The Chittor Fort, also known as Chittorgarh (Garh stands for Fort), is considered as one of the largest forts in India. Located on the banks of river Gambhiri and Berach, atop a 180 m high hill in Rajasthan state of western India, Chittorgarh stands as a testimony of the Rajput pride and valour. Its history is written in blood and sacrifice. According to a folk legend, Chittorgarh was originally called “Chitrakut”, named after its builder Chitranga. It is also said that, before the onset of the 7th century it was built and ruled by the local Mauryas. Later, it became the capital of Mewar, ruled by the Sisodia and Gahlot kings.
The fort of Chittorgarh was attacked thrice – by Allaudin Khalji (who was said to be obsessed by the unrivaled beauty of Rani Padmini and desired to possess her at any cost), in 1303 AD, by Gujarat’s Sultan Bahadur Shah in 1535 AD and by Mughal Emperor Akbar in 1567 AD. Thrice the ladies of Chittorgarh sacrificed their lives in the burning pyres to keep their honour by performing Jawhar Brata. Each time the Rajput warriors fought fiercely against the attacking Muslims. The bravery of Gora and Badal in the war against Allaudin Khalji and the sacrifice of Rao Jaimal, Patta and Rana Protap in the war against the Mughals have become legendary. The first Jawhar Brata in Chittorgarh was led by Rani Padmini in 1303 and later by Rani Karnavati in 1535. It was also performed in 1568, after the Mughal Emperor Akbar captured Chittorgarh in 1568. It may be mentioned here that, after the fall of Chittorgarh, the capital was shifted to Udaipur, located at the foothills of the Aravalli Range.
Built in the 7th century, and covering a total area of 700 acres, the huge fort is surrounded by a massive circular wall, accessible through seven huge gates. Locally, the gates are called as Pols. The gates are made up of strong iron spikes and were used as watchtowers by the vigilant guards.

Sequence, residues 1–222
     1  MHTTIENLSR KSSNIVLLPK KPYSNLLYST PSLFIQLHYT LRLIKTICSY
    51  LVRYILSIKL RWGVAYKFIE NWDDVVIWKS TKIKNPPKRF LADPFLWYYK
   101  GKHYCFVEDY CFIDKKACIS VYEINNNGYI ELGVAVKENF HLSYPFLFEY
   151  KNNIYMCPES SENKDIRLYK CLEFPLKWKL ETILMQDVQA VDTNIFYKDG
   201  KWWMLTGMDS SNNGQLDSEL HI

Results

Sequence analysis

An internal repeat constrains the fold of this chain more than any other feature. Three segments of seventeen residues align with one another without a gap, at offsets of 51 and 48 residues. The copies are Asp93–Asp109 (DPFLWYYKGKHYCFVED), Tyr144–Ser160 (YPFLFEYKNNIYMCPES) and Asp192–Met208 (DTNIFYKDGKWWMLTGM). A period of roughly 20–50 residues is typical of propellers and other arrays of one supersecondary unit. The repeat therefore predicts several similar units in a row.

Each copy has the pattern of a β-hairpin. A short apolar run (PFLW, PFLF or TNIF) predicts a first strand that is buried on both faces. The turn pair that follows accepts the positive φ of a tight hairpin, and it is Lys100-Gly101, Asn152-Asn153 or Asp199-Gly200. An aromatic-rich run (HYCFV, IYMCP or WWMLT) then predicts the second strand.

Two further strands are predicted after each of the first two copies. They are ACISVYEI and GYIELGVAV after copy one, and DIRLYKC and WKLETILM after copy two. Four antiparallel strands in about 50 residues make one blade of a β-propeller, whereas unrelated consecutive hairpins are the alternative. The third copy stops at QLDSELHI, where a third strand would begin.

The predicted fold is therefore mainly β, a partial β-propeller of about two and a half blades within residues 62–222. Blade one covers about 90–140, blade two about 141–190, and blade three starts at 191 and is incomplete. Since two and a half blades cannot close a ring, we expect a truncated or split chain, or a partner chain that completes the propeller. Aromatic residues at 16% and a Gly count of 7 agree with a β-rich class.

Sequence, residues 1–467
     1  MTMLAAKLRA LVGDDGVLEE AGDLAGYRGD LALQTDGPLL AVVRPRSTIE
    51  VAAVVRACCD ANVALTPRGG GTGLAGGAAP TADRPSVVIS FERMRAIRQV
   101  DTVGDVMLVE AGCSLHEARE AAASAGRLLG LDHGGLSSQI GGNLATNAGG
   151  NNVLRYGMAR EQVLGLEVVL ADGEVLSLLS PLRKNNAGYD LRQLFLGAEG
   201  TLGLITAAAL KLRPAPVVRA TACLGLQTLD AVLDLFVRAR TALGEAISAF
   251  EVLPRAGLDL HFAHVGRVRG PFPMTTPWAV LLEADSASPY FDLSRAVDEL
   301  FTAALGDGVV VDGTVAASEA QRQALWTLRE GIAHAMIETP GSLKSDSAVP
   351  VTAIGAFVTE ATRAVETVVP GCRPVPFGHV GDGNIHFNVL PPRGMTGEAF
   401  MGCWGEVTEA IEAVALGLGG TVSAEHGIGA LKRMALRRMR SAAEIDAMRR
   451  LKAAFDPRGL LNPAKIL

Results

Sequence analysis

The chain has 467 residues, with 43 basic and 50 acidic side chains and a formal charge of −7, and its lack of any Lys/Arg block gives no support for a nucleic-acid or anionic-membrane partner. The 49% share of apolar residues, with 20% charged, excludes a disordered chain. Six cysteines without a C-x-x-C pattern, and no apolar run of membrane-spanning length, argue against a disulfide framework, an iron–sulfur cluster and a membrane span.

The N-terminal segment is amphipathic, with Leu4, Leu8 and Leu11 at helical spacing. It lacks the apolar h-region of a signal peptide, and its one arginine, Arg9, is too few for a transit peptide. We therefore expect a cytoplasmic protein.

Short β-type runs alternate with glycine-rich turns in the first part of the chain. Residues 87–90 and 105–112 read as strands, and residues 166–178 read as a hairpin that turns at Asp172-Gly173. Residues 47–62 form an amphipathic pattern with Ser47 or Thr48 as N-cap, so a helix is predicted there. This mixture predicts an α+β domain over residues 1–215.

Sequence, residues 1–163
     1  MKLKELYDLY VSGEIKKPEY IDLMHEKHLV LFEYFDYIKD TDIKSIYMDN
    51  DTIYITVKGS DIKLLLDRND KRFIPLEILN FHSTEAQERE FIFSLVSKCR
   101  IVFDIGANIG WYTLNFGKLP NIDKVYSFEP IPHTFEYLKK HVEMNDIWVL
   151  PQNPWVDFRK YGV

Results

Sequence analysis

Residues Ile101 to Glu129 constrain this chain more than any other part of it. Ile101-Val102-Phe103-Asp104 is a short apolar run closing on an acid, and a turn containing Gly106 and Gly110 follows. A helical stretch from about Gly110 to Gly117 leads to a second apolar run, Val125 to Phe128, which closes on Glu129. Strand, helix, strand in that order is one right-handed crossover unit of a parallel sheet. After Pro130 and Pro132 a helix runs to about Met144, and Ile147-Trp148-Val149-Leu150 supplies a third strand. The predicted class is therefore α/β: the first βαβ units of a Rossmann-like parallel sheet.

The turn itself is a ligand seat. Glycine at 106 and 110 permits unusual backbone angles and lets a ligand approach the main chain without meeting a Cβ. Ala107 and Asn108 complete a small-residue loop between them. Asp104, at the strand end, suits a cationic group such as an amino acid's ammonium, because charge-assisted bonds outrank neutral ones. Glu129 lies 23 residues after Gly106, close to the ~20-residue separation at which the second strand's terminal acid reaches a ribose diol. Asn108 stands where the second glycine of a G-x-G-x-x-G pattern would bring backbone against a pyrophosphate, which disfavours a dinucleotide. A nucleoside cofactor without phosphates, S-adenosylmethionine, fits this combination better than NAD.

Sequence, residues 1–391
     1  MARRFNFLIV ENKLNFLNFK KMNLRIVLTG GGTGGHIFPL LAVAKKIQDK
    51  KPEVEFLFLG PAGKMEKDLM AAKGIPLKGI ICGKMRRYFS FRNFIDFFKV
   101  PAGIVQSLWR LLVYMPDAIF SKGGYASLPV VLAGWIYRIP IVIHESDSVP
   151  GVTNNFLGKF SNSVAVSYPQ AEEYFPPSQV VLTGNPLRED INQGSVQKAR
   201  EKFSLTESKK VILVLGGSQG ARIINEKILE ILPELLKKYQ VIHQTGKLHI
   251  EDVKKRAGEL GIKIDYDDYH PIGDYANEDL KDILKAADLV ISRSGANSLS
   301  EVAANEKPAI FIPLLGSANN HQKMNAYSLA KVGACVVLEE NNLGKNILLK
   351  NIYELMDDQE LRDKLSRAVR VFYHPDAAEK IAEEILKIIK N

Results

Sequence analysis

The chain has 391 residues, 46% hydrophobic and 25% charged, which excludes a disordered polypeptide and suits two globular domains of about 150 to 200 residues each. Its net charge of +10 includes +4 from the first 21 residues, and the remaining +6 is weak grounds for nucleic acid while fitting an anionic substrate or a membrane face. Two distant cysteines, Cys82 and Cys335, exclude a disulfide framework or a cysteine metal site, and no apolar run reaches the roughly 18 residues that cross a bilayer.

Inside the massive fort, there are various well-designed palaces, along with the huge towers, temples and splendid cenotaphs. The palace of Rani Padmini exhibits the marvels of Rajput architecture. It is said that, this is palace from which Alauddin Khilji was allowed to watch the reflection of the Rani, through a mirror. Maharana Udai Sing, the founder of Udaipur, was born in Rana Kumbha’s palace. Rani Meera Bai also lived in this palace. The palace was equipped with underground cellars and in one of the cellars Rani Padmini committed Jawhar, along with other ladies. Today, the palace is in ruins.
Chittor has two towers. Kirti Stambh and Vijay Stambh. Built in the 12th century by Biherwal Mahajan Sanaya of Digambar group, the 72 feet high well decorated Kirti Stambh was dedicated to Rishabhanatha, also known as Adinatha, the first Tirthankara. Vijay Stambh, or the Tower of Victory, is 122 feet high and stands on a ten feet high base. This was built by Maharana Kumbha to commemorate his victory over the rulers of Malwa and Gujarat in 1440. The nine storey tower is equipped with 157 steps to go to the top and is adorned with carvings and sculptures.
Apart from six Jain temples and the famous Meera Bai’s temple of Lord Krishna, Chhitorgar also has the ancient and beautiful temple dedicated to Goddess Kali. Built in 8th century and known as the Kalika Mata Temple, it was originally a Sun temple.
Despite it is a ruined citadel, Chittorgarh Fort still stands today as a symbol of Rajput spirit, dignity and glorious tradition. In 2013, it was declared as a UNESCO World Heritage Site by the World Heritage Committee.